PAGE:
Most of the detector’s sensitivity is determined by the coils, particularly by where they are placed. The most enjoyable part of creating a gadget is getting them in the right position, even if it takes a lot of time and patience, especially when we get the best performance.

The two coils must first be gently fixed into the shape shown in the video. Turn on the detector, then gently adjust the coils to the location where the sound will be lost with both potentiometers about in the centre. Then the potentiometers are moved to the location just before the sound is heard.

The procedure is currently being tested with a bigger metal item. Until we get the highest sensitivity, this operation must be performed several times. By rotating the two potentiometers in the opposite direction, we may try to enhance the sensitivity even more in the amplifier module version, but this makes the detector more unstable and sensitive to even small coil displacements.

This detector, as you can see in the video, can pick up a little coin at a distance of 20 cm or more, a hard drive at a distance of 40 cm, and a huge metal item at a distance of more than 80 cm.

Of course, the state of the soil affects our capacity to find items buried in it. The best medium is dry sand, while the worst one is clay.

Code

void setup() {
pinMode(A0, INPUT);
pinMode(A1, INPUT);
pinMode(8, OUTPUT);
pinMode(A4, INPUT);
pinMode(A5, OUTPUT);
}
void loop() {
int val1 = 0;
int val2 = 0;
int val3 = 0;
int val4 = 0;
int val5 = 0;
int val6 = 0;
int val7 = 0;
int val8 = 0;
int val9 = 0;
int val10 = 0;
int sumval = 0;
int impuls = 120;   //select the pulse length depending on the frequency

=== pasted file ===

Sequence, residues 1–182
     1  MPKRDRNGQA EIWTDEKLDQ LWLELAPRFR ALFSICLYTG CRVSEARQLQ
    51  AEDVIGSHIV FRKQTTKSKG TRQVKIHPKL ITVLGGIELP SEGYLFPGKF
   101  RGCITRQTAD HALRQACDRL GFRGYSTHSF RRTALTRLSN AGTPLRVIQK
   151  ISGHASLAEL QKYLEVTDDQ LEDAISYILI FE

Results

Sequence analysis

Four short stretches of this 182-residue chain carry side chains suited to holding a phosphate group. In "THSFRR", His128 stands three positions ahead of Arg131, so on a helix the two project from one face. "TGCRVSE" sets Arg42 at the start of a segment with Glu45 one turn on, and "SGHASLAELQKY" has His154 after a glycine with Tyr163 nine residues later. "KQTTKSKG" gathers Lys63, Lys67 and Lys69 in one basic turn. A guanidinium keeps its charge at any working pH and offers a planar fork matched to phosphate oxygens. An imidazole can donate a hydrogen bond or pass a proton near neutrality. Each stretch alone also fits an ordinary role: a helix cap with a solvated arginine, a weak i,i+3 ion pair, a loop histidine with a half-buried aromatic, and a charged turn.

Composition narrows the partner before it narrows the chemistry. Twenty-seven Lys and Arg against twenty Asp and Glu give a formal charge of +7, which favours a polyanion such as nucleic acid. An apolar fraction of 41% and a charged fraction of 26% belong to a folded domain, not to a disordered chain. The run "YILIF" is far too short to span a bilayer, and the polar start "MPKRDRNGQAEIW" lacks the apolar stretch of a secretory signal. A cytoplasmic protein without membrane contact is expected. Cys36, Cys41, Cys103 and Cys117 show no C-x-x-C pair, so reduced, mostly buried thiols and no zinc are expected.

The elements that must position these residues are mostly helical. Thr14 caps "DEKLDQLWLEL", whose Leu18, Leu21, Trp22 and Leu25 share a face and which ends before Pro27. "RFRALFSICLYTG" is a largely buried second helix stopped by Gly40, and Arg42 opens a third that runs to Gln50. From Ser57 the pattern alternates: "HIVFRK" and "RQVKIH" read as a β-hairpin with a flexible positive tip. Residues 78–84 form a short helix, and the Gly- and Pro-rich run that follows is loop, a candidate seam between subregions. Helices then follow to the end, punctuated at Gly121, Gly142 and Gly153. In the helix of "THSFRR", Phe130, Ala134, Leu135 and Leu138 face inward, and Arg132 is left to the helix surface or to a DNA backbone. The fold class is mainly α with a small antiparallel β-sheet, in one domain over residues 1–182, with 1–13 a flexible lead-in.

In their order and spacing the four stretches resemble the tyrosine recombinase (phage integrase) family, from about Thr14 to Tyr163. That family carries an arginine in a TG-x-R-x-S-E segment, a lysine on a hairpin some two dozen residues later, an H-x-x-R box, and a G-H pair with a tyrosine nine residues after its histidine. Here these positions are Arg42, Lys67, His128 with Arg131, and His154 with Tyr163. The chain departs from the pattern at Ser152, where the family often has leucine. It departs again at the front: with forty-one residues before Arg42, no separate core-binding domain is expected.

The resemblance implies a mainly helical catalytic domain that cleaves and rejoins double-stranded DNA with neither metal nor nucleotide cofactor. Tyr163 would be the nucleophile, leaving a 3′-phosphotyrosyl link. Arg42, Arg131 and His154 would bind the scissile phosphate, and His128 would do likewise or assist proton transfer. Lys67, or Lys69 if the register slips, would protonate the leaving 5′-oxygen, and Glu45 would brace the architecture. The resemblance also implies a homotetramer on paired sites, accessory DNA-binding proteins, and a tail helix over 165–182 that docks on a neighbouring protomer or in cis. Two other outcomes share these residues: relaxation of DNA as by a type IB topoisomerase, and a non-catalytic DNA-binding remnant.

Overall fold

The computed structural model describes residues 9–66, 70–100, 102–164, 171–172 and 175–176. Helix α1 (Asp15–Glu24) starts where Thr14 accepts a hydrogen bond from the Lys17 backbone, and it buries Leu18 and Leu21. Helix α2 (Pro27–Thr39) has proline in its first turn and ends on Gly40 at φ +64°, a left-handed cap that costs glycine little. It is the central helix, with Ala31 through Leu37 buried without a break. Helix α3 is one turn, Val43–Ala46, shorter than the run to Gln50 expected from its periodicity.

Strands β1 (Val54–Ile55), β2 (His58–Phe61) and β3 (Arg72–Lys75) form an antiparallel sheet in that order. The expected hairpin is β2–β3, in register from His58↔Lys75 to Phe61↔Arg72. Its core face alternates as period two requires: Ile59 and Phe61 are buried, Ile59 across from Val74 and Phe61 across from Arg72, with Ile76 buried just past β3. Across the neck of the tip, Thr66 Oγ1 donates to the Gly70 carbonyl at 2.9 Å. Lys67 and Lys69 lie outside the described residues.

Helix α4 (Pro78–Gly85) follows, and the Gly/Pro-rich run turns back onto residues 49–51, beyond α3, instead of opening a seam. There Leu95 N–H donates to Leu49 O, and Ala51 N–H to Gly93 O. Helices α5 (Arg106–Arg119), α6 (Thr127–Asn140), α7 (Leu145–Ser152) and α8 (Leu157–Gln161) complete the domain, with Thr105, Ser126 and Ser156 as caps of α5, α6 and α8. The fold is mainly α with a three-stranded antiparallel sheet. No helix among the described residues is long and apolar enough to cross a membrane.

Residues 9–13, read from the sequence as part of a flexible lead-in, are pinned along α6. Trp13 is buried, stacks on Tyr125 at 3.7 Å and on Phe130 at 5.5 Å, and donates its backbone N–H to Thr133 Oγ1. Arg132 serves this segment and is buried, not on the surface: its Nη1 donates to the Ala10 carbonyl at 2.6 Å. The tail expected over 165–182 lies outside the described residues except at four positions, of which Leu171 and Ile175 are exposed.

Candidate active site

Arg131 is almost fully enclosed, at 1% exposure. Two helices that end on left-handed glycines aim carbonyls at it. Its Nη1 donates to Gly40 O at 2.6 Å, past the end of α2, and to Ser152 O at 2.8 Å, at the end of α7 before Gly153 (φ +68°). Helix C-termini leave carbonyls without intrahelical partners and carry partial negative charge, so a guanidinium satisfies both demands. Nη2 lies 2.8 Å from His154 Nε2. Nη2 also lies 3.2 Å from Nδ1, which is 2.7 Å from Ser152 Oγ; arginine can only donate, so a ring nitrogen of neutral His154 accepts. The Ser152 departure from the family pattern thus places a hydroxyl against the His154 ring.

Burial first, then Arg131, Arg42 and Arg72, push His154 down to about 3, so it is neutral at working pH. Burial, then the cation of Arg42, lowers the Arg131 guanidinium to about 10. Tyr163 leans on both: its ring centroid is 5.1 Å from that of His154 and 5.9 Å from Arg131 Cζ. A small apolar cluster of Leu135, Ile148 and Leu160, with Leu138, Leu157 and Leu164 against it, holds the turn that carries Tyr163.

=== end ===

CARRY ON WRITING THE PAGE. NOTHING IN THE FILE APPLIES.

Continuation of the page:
int Delay = 0;  
int base = 0;
Delay = analogRead(A4);
pinMode(A0, OUTPUT);
digitalWrite(A0, LOW);
pinMode(A0, INPUT);
digitalWrite(8,HIGH);
delayMicroseconds(impuls);   
digitalWrite(8, LOW);
delayMicroseconds(Delay);      
val1 = analogRead(A0);
digitalWrite(8,HIGH);
delayMicroseconds(impuls);   
digitalWrite(8, LOW);
delayMicroseconds(Delay);    
val2 = analogRead(A0);
digitalWrite(8,HIGH);
delayMicroseconds(impuls);   
digitalWrite(8, LOW);
delayMicroseconds(Delay);    
val3 = analogRead(A0);
digitalWrite(8,HIGH);
delayMicroseconds(impuls);   
digitalWrite(8, LOW);
delayMicroseconds(Delay);   
val4 = analogRead(A0);
digitalWrite(8,HIGH);
delayMicroseconds(impuls);   
digitalWrite(8, LOW);
delayMicroseconds(Delay);   
val5 = analogRead(A0);
digitalWrite(8,HIGH);
delayMicroseconds(impuls);   
digitalWrite(8, LOW);
delayMicroseconds(Delay);   
val6 = analogRead(A0);
digitalWrite(8,HIGH);
delayMicroseconds(impuls);   
digitalWrite(8, LOW);
delayMicroseconds(Delay);   
val7 = analogRead(A0);
digitalWrite(8,HIGH);
delayMicroseconds(impuls);   
digitalWrite(8, LOW);
delayMicroseconds(Delay);   
val8 = analogRead(A0);
digitalWrite(8,HIGH);
delayMicroseconds(impuls);   
digitalWrite(8, LOW);
delayMicroseconds(Delay);   
val9 = analogRead(A0);
digitalWrite(8,HIGH);
delayMicroseconds(impuls);   
digitalWrite(8, LOW);
delayMicroseconds(Delay);   
val10 = analogRead(A0);
sumval = val1 + val2 + val3 + val4 + val5 + val6 + val7 + val8 + val9 + val10;
sumval = sumval/5;
base = analogRead(A1);
if (sumval > base)
{tone(A5,1000);
delay(50);
noTone(A5);
} 
else  {delay(50);
}
}

Schematics

Just do anything, Anything will lead to something else

KP

“Treat yourself like a King/Queen of this Universe” – KP

Most expensive things in this world is ‘Time’, ‘Trust’, ‘Character’, ‘Quality People’,

KP

Helping Hands.